Wednesday, March 31, 2010

It's All in My Head, Even if It Isn't in Theirs

Like the Adoption Counselor blogged this morning, I continue to be amazed by FASD and how it affects our children. I am especially frustrated by the accusations my kids who have FASD make and the things they say about us as parents. We have one adult son in particular who is convinced that he got the short end of the deal from us and that, though he is way beyond 18, we owe him so much because of what he feels we didn't give him during his childhood. I have to literally bite my tongue.

Why? Because I have ALL of the information about the last 7-8 years all neatly organized, in chronological order, with the facts straight, in my brain. I know how many times we were falsely accused, manipulated, stolen from, lied to, loaned money that was never paid back, and just generally were mistreated. It's all in my head.

But when he comes up with some one liner accusation about how we owe him something that he deserves to have, I have to force myself not to respond. I spent 15 minutes this morning forcing myself to shut up after one of those zingers flew through the air of the van.

Why didn't I challenge it and try to make him understand? Because it wouldn't. have. mattered. He wouldn't have understood at all what I was trying to say.

So I just let it sit there. That horribly wrong, unjust accusation, and attempted to consider the source -- a mind that doesn't incorporate, translate, and synthesize data in an organized fashion.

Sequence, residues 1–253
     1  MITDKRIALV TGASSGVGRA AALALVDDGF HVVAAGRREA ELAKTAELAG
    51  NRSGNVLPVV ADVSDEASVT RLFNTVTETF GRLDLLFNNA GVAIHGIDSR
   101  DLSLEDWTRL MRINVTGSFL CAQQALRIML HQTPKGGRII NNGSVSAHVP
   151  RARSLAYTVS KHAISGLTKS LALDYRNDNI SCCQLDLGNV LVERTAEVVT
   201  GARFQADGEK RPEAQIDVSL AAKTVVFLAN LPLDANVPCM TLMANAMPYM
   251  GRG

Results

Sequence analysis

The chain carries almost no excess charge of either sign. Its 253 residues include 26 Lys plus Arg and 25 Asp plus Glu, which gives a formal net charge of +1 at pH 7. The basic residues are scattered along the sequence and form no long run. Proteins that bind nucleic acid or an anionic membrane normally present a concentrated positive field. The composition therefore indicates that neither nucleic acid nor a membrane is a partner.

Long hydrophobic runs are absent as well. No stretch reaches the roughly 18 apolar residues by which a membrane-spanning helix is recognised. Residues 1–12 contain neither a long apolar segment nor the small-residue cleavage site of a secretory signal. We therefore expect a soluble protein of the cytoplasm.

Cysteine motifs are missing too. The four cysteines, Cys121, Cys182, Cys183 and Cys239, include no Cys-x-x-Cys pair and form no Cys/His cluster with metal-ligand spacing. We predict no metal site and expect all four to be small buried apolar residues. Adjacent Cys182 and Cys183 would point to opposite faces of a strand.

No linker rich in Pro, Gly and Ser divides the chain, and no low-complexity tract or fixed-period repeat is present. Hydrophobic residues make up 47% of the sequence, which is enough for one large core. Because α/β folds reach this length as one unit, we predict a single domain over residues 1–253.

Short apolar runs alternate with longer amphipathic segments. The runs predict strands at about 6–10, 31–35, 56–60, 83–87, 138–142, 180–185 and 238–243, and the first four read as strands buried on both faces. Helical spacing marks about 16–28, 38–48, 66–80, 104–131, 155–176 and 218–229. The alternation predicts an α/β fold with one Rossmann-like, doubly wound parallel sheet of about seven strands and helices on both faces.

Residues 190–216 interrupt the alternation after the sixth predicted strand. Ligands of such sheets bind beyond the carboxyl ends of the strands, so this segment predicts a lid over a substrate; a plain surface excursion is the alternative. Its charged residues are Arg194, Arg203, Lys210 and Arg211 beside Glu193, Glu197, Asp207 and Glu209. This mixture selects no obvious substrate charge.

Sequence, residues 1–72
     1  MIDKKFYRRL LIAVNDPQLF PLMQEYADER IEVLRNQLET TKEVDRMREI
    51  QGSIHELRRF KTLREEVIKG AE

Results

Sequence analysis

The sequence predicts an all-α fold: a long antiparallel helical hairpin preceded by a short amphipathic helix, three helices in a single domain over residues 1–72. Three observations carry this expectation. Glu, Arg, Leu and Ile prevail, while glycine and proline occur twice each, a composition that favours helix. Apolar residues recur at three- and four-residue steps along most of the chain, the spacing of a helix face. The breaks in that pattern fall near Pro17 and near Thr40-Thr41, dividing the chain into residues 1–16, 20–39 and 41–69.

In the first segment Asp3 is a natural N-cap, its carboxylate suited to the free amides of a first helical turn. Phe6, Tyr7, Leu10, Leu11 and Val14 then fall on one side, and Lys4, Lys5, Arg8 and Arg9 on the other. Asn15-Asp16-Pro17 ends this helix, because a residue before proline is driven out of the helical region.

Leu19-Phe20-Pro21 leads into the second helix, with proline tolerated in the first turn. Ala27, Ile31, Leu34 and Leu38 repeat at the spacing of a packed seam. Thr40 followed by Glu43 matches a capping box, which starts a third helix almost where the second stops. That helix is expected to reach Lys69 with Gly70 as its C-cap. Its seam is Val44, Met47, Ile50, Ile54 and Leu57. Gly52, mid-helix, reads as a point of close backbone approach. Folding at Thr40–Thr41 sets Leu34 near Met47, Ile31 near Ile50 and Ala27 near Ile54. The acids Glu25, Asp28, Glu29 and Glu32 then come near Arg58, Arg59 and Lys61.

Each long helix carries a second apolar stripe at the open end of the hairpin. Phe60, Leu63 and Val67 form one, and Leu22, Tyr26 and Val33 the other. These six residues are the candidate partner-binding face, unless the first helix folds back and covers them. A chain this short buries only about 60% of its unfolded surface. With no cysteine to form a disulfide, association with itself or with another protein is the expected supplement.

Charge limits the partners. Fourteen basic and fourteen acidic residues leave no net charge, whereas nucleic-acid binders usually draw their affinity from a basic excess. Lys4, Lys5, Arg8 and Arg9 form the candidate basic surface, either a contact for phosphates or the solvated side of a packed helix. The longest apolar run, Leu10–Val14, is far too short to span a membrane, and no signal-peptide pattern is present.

But oh how I wanted to say something.....


brenkachicka said...

I have a child with brain damage, not from FAS, but from a head injury. I also have a child who may or may not have been exposed to alcohol... we will never know the whole story. I had wanted to go to this seminar:
but I missed it because of work. My friend went to it, and she told me something I now tell myself whenever my child's issues make me feel crazy. "You have to remember, she has brain damage." Total perspective shift.
I am so sorry that you are dealing with these adults! I read your blog hoping to glean little truths to help me as I raise my challenging children.
Thanks - Kerry

GB's Mom said...

I hear you!

Psycho Mom said...

so true. i have the hardest time keeping my mouth shut when my daughter is spewing stupid things that I have a whole host of comebacks for. you are right. it does no good to say it. ugh

Miz Kizzle said...

You son knows how he FEELS but feelings aren't facts. You might write down those things you mentioned, in chronological order, and save it for some time when he is able to have a more or less rational discussion. If he sees the facts in black and white he may acknowledge the truth.
Of course, he may accuse you of "picking on him," but it might make him realize that he is not the innocent victim that he thinks he is.